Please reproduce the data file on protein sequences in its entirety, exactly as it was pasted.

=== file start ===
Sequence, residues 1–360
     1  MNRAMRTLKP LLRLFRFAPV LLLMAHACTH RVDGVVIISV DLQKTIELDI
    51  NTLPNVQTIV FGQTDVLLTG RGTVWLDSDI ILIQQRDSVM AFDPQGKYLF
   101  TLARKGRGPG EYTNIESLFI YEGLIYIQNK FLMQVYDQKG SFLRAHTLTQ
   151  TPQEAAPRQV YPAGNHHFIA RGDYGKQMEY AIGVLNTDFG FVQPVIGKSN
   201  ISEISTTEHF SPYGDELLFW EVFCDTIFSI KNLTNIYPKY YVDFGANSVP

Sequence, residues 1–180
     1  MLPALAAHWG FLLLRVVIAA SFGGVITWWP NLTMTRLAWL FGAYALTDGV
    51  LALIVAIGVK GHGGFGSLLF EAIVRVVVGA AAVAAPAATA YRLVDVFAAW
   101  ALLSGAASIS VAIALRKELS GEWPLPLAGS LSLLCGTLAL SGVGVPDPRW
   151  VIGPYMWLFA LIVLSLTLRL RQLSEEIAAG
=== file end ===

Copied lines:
Sequence, residues 1–360
     1  MNRAMRTLKP LLRLFRFAPV LLLMAHACTH RVDGVVIISV DLQKTIELDI
    51  NTLPNVQTIV FGQTDVLLTG RGTVWLDSDI ILIQQRDSVM AFDPQGKYLF
   101  TLARKGRGPG EYTNIESLFI YEGLIYIQNK FLMQVYDQKG SFLRAHTLTQ
   151  TPQEAAPRQV YPAGNHHFIA RGDYGKQMEY AIGVLNTDFG FVQPVIGKSN
   201  ISEISTTEHF SPYGDELLFW EVFCDTIFSI KNLTNIYPKY YVDFGANSVP

Sequence, residues 1–180
     1  MLPALAAHWG FLLLRVVIAA SFGGVITWWP NLTMTRLAWL FGAYALTDGV
    51  LALIVAIGVK GHGGFGSLLF EAIVRVVVGA AAVAAPAATA YRLVDVFAAW
   101  ALLSGAASIS VAIALRKELS GEWPLPLAGS LSLLCGTLAL SGVGVPDPRW
   151  VIGPYMWLFA LIVLSLTLRL RQLSEEIAAG